Tackling the World’s Toughest Test of Endurance, While Wearing Hijab

An increasing number of Iranian women like Shirin Gerami are participating in sports traditionally reserved for men

Shirin Gerami competes in the 2016 IRONMAN World Championship triathlon on October 8, 2016 in Kailua Kona, Hawaii.

Photographer: Sean M. Haffey/Getty Images for Ironman

To compete at the Ironman World Championship triathlon in Hawaii this month, Shirin Gerami went through the arduous training regimes followed by the other competitors.

But she faced an additional challenge. The first woman to represent Iran in one of the world’s toughest endurance tests would have to wear an outfit that met the Islamic Republic’s dress code while abiding by race guidelines and not slowing her down too much.

It was well worth the effort, she said in an interview five days after crossing the finishing line on Oct. 8. Representing Britain, where Gerami has lived for 12 years, “would not affect or change anything,” she said. Competing for Iran, though, might “open the door to women within Iran or in similar cultures to participate” in a broader range of sports internationally, she said.

Her achievement comes as an increasing number of Iranian women are participating in sports traditionally reserved for men. In August, Kimia Alizadeh, 18, became the first Iranian woman to win an Olympic medal when she took bronze in taekwondo in Rio de Janeiro; women have also competed in Iranian car races.

Still, female athletes -- and women in other walks of life -- face opposition from conservative authorities in Iran, a clash that over the past few months has reawakened debate over whether women should even cycle in public. After women cyclists took to the streets to support a government-backed anti-pollution initiative called “car-free Tuesdays,” hardliners called their behavior “indecent” and Supreme Leader Ayatollah Ali Khamenei said he disapproved.

In Iran, women are required to cover their hair and the contours of their body as a sign of modesty. Though the dress code has relaxed over the past three decades -- evolving from billowy, dark fabric to stylish coats and colorful scarves -- women are still stopped by occasional patrols enforcing conduct in public spaces.

President Hassan Rouhani, a centrist expected to stand for re-election in May, has encouraged women to be more active in politics and business. But only 13 percent of Iranian women are considered active in the workforce, estimates Vahideh Negin, the Ministry of Labor’s adviser on women affairs. That’s the case even though the majority of university students are female, and the number of working women with a postgraduate degree is three times that of men.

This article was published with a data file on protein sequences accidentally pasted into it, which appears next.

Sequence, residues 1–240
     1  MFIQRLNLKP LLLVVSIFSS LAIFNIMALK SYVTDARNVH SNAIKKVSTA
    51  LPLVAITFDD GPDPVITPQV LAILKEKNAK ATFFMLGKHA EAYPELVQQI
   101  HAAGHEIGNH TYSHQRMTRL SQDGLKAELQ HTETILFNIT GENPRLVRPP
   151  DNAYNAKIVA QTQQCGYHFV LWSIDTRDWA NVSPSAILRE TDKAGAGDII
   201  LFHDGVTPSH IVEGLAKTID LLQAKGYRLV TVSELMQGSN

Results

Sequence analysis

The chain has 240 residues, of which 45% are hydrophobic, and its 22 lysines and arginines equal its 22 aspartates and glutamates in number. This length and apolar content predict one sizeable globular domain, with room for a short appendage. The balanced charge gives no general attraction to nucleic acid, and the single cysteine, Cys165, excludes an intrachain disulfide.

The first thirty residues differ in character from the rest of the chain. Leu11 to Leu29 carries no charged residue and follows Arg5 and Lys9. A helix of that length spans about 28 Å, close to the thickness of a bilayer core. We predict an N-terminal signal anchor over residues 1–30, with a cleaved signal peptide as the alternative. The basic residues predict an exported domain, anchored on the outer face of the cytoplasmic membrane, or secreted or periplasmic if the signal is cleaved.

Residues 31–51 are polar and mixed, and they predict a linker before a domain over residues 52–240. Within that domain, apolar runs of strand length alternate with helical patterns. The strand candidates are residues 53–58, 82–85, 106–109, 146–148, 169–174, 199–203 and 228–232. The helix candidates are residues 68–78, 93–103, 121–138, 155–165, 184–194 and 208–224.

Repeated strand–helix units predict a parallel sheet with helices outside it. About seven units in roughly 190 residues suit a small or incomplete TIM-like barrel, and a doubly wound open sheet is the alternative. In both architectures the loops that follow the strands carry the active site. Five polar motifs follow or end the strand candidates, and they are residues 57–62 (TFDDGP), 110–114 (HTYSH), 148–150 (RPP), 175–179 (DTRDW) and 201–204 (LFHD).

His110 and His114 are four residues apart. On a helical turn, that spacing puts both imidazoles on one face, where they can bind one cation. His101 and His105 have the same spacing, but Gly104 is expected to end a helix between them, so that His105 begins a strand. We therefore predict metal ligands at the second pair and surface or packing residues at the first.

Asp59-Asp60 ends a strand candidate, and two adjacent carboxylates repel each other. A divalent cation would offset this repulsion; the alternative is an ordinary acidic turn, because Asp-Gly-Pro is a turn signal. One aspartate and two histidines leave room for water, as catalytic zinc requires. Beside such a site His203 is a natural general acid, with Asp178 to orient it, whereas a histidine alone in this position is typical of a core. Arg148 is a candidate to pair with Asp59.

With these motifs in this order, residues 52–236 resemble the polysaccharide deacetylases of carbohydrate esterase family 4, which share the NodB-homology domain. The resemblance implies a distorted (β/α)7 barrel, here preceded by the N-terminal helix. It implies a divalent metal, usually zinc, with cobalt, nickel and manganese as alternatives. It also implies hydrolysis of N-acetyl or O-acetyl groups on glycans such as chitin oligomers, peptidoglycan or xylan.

Gerami’s competitions have been mentioned in local media and Rouhani tweeted a photograph of her holding an Iranian flag after she first represented the nation in 2013, using the hashtag “GenderEquality.”

Gerami, 27, took her bike for a short practice ride on the Hawaii race route a few days before the event. Strong winds nearly blew her off the road, she said, causing her to question whether she was up to the challenge of representing a nation.

The Ironman is made up of a 2.4-mile swim, a 112-mile bike ride and finally a 26.2-mile run. Athletes occasionally collapse from exhaustion while others have crawled across the finish line. Gerami finished in 13 hours 11 minutes, placed 1,864 out of the 2,207 men and women who completed the race.

Gerami, who took up triathlons while at university in the U.K. and left a job in venture philanthropy to focus on the sport, said she worked with a professional athlete to come up with a clothing solution that would be practical, and acceptable to race organizers and Iranian authorities alike. It was approved by the Iran Triathlon Federation days before the race.

Her accomplishment, and what she wore to achieve it, is also part of a wider debate over sports and the Islamic covering for women -- or hijab -- that occasionally makes headlines.

Current U.S. champion chess player Nazi Paikidze has called for a boycott of next year’s women’s world championship in Tehran to protest Iranian law requiring local or visiting women to wear a headscarf. Her stance, like others before it, has drawn support on social media from those who see the rules as infringing basic freedoms, as well as criticism by others who argue that boycotts set back women eager to improve in their fields and compete internationally.

Gerami prefers to focus on the rewards of competition. And with endurance races, she says, covering more of the body has its advantages: kept wet the suit helps lower body temperatures.

“What’s important is to reap the benefits of sports,” she said. “That’s not defined by what you wear.”

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